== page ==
Passport Monroe Ambassador France
OH, HAPPY DAY – to get this treasure into my collection! US passport issued by James Monroe as ambassador to France on April 28, 1796, only twenty years after Independence. 18th Century US passports are extremely rare to find. Monroe will later become the 5th President of the United States.
France is one of the oldest U.S. allies, dating to 1778, when the French monarchy recognized the independence of the United States. French military and economic assistance during the American War of Independence (1775-81) was crucial to the American victory. Since then, relations between the two countries have remained active, despite periods that have tested this extended friendship. The French Revolution began in May 1789 and eventually overthrew the government of Louis XVI. In 1792 Thomas Jefferson stated that the U.S. should “acknowledge any Government to be rightful, which is formed by the will of a nation, substantially declared.” This has been U.S. policy ever since.
Consequently, formal diplomatic relations with France were not broken upon the constitution of new French governments after 1789 (the majority of which occurred during the nineteenth century). Each time this happened, the resident American diplomatic representative usually submitted new credentials to the appropriate authorities. Passport Monroe Ambassador France
France recognized the United States as an independent state on February 6, 1778, when France’s Secretary of His Majesty’s Council of State, Conrad Alexandre Gérard, and American Commissioners Benjamin Franklin, Silas Deane, and Arthur Lee signed two treaties in Paris.
The first U.S. consular post was established in Bordeaux, France, in March 1778. Passport Monroe Ambassador France
Diplomatic relations were established on August 6, 1778, when Conrad Alexandre Gérard, presented to Congress his credentials as France’s Minister-Plenipotentiary and Consul-General. Benjamin Franklin was appointed as the first U.S. Minister Plenipotentiary to France on September 14, 1778, and was accredited by the French Government on March 23, 1779. An American diplomatic mission in Paris was first established on March 23, 1779, when Benjamin Franklin presented to the French court his letter of credence as Minister-Plenipotentiary.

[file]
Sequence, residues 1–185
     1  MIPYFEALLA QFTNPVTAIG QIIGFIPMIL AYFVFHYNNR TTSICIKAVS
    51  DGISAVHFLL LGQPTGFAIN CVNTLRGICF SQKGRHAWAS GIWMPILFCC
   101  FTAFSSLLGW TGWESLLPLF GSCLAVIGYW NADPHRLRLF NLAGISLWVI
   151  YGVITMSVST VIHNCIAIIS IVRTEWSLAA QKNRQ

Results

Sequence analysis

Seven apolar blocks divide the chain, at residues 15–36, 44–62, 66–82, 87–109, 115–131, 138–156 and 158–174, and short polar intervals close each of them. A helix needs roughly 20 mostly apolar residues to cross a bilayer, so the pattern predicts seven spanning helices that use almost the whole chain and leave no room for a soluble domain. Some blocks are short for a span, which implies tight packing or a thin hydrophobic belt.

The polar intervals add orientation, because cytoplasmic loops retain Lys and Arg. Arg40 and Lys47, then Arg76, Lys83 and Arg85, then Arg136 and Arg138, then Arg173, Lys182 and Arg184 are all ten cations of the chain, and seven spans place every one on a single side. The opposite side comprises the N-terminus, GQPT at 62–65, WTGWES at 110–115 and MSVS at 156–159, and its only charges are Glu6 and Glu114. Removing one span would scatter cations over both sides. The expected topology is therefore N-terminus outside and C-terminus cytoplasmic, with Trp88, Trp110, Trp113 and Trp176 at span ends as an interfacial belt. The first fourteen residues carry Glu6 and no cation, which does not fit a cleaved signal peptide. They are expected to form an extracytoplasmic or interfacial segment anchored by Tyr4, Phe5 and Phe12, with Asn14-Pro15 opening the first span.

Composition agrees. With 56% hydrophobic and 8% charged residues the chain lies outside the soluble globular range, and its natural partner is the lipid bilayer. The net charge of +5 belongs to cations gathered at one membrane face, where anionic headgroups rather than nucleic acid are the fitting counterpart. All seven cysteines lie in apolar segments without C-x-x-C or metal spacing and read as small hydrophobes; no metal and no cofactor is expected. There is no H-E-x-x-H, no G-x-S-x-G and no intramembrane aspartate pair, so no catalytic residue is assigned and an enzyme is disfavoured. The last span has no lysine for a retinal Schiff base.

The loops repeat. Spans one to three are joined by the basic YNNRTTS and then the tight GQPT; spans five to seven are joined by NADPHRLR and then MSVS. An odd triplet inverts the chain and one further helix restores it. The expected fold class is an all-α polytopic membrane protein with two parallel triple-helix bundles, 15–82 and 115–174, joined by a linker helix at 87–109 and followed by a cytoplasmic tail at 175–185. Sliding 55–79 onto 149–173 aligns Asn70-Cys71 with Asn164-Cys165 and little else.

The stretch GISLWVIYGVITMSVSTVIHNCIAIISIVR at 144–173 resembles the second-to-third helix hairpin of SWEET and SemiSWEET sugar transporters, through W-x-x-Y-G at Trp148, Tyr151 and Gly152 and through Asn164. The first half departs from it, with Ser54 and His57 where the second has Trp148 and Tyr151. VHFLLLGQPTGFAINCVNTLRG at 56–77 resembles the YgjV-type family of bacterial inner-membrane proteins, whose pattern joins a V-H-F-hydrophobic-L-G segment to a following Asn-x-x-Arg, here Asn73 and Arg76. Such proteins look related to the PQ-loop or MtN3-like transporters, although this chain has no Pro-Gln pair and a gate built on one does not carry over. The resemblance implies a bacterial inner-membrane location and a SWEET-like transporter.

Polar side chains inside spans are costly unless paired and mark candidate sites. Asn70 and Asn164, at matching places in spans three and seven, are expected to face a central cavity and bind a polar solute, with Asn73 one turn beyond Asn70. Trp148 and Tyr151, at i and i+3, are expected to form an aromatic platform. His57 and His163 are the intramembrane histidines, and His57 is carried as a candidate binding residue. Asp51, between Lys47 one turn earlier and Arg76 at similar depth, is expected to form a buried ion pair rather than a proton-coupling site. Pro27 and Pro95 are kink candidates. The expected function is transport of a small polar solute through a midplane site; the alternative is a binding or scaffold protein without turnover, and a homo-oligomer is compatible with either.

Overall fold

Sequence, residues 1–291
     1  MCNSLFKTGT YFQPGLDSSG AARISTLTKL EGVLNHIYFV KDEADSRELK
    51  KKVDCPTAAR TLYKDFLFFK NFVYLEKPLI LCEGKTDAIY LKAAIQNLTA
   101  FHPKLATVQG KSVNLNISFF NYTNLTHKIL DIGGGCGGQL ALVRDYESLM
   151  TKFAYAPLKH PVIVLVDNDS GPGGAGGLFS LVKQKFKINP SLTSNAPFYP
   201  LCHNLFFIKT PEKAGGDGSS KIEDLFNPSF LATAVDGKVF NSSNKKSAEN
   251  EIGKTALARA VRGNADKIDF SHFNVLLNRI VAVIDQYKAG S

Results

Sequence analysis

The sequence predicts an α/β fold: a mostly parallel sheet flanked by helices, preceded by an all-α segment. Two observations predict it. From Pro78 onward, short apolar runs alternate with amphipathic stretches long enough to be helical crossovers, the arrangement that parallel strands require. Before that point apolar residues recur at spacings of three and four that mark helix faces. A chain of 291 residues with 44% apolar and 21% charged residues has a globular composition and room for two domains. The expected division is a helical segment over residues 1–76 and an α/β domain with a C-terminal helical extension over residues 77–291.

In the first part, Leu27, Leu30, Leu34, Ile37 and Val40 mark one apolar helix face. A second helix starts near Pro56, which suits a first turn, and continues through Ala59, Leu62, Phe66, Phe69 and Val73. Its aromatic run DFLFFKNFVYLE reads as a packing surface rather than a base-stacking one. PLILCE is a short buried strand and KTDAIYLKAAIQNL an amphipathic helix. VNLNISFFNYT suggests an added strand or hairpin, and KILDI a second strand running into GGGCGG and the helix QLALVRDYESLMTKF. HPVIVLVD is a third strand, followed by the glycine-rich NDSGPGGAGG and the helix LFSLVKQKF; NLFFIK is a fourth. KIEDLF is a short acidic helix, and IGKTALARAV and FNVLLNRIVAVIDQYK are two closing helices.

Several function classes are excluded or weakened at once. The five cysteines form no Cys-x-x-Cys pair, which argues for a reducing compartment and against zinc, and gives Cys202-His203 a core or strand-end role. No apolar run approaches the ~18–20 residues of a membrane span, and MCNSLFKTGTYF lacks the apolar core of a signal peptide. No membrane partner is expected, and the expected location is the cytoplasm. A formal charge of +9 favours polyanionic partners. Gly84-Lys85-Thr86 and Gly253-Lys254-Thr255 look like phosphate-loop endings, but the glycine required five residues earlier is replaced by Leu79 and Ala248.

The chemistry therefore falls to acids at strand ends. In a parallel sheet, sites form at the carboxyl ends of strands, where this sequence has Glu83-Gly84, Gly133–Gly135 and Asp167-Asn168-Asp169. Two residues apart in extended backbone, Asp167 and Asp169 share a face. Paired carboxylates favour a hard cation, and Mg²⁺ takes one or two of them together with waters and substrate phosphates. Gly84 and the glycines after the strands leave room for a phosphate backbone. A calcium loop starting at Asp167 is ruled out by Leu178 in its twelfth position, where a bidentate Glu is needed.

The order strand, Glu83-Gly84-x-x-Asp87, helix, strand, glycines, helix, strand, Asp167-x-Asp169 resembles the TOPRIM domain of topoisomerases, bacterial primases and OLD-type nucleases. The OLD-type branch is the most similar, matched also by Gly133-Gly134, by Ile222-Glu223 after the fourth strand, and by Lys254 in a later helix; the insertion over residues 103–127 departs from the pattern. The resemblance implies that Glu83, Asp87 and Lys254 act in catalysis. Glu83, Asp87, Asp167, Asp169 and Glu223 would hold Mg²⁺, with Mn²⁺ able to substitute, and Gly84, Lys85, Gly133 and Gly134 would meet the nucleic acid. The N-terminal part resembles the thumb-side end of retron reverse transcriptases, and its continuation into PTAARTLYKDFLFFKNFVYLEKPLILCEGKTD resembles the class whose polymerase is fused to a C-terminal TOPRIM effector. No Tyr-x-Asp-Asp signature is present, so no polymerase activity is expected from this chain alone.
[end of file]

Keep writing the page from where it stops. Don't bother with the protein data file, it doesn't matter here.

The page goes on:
On July 7, 1798, following the so-called “XYZ affair,” the U.S. Congress abolished the treaties of 1778 and a pre-existing consular convention. The French did not accept the abrogation as legally-binding until the ratification of the 1800 Treaty of Friendship and Commerce.
Monroe’s Influence on American Diplomacy
Monroe conducted numerous diplomatic missions addressing the most critical international threats facing his generation. President George Washington appointed Monroe Minister to France in 1794. Jay’s Treaty frustrated Monroe’s efforts to retain cordial relations with the French Government, and he was recalled in 1796. Hence, this must be one of the last passports issued at his post in Paris.
Monroe returned to France in 1803 on a successful mission to assist Robert Livingston with the Louisiana Purchase negotiations. Monroe also served as Minister to Britain from 1803 until 1807, a period complicated by disputes over U.S. neutrality rights. In 1805 Monroe traveled to Spain, intending to win recognition of the U.S. possession of West Florida. The United States claimed the territory as part of the Louisiana Purchase, but Monroe could not gain the consent of the Spanish Government. Passport Monroe Ambassador France